The MTV Video Music Awards on Monday night will feature more Latin artists than ever, with performances by Camila Cabello, J Balvin, Ozuna and Bad Bunny. But breakout artist Rosalía is garnering a lot of buzz.
The ‘Con Altura’ singer, who’s nominated for Best Latin Video, Best Choreography and Best New Artist, is undoubtedly one of this year’s standout artists. Rosalía’s 2018 album ‘El Mal Querer’ was praised by critics for its blend of flamenco and pop, earning the Spanish singer two Latin Grammys and support from artists across the music industry, including Billie Eilish and Pharrell.
But beyond her music, Rosalía has sparked online conversation among music fans on the difference between being a Latin music star and being Latinx.
“Vogue Mexico” featured Rosalía on its August 2019 cover, naming the singer among 25 other “Latino” artists. The cover drew criticism from fans about marketing a European singer — Rosalía is from Spain — as “Latinx.”
Latinx is a gender-neutral term used increasingly by young U.S. Latinos to describe someone who is from or has ancestry in Latin America, such as Mexico, Colombia, Puerto Rico and even Brazil (whose national language is Portuguese). Hispanic, however, describes someone of Spanish-speaking descent, which includes people from Spain.
Rosalía, a Barcelona native, can be considered Hispanic because of her Spanish language (although the language in her region is technically Catalan). And though Spain and Latin America share many similarities in culture and language, the singer is not Latinx by definition.
Since the album’s release, Rosalía has collaborated with Latin musicians such as J Balvin and Ozuna, releasing reggaeton inspired songs “Con Altura” and “Yo x Ti, Tu x Mi”. The songs have cemented her presence in Latin music and even earned her a spot on President Barack Obama’s summer playlist. But the singer’s popularity has also sparked debate among music fans
In the Billboard series “Growing Up Latino,” Rosalía explained she does “feel Latina’ because of Latin America’s influence in flamenco music, a genre she studied heavily in school. But the interview’s reception online ranged from fandom to criticism of the artist’s inclusion in the series.
Leila Cobo, director of Latin content and programming at Billboard, told NBC News that the series, which has featured other Spanish artists like Alvaro Soler, is about celebrating Latin music and culture, regardless of where the artists are from.
“If someone doing [Growing Up Latino] is from Spain or anywhere, it’s all part of our celebration … I don’t think music is exclusionary,” Cobo said. “Yes, she’s not ‘Latin’ in the sense that she’s not from a Latin American country, but her music falls under that big umbrella of what we call ‘Latin music.’”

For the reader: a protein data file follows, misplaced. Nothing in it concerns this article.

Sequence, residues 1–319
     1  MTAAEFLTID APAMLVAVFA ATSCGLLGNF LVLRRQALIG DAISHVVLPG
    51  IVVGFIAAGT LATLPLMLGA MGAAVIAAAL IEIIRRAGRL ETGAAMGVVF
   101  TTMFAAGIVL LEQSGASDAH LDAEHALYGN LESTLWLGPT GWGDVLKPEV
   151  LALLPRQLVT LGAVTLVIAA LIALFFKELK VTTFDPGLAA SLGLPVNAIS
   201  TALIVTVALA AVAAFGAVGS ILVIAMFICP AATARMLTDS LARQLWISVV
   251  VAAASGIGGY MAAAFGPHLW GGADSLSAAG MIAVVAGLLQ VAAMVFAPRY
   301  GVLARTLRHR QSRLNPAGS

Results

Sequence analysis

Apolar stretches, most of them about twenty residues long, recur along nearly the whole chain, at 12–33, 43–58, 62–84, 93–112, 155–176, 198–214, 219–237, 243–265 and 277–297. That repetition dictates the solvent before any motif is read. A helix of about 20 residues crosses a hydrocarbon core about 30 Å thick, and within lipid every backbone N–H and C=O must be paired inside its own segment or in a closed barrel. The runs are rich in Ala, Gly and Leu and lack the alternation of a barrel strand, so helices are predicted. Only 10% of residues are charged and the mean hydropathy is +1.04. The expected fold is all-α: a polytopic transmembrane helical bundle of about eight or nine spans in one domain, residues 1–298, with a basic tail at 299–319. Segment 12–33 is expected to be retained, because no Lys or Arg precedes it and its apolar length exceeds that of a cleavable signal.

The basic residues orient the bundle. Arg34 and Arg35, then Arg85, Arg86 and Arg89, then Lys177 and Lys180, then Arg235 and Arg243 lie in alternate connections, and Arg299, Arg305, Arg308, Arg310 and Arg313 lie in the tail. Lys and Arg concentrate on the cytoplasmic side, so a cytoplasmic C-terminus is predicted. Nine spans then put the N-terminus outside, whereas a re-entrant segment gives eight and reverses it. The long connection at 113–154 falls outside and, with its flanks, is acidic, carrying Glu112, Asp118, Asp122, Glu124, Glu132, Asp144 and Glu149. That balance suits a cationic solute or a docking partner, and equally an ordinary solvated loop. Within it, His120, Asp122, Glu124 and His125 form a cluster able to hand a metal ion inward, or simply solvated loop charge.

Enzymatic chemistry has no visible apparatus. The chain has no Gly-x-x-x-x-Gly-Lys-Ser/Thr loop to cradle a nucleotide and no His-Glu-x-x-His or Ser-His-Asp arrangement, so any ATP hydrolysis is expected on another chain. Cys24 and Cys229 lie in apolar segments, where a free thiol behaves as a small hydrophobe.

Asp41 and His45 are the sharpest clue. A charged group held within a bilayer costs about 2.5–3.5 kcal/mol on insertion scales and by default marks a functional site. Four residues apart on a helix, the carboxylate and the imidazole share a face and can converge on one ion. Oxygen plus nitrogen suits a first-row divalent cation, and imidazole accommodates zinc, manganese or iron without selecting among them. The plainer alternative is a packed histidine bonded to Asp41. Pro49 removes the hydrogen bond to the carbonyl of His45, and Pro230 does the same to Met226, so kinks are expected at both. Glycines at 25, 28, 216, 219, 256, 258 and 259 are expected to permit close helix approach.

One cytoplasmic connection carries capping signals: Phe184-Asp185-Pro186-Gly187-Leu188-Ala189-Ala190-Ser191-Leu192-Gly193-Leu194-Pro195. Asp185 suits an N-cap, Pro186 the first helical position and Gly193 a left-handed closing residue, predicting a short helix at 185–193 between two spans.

Billboard defines Latin music as any song whose lyrics are at least 51 percent in Spanish.
Camilo Landau, a musician and president of the Recording Academy’s San Francisco chapter, says regional music across Latin America has always had a back-and-forth influence with Spain, noting the success of other Spanish artists such as Julio Iglesias and Enrique Iglesias.
“There’s heavy Latin influence in Spanish music — the use of cajón in flamenco music, for example. That instrument was from Peru and introduced back to Spain, and into flamenco music. It’s a direct influence from Latin American music on Spanish music,” Landau says. “The obvious thing that ties them together is the common language, which is Spanish.”
But Landau, who studies and performs Latin music, says new influences from genres such as trap and hip-hop are redefining what it means to be a part of the genre.
“Trap, for example, is incredibly popular all across Latin America and Spain, but musically, it’s essentially American beats with Spanish and English language. For instance, Cardi B, (of Dominican and Trinidadian descent) is arguably a popular Latin musician,” Landau said. “Her big hit was ‘I Like It’ and she sings only English on it, but features other Latin artists.”
Rosalía may not check the Latinx box, but as Cobo and Landau point out, she’s clearly part of the larger movement of artists comprising Latin music as we know it.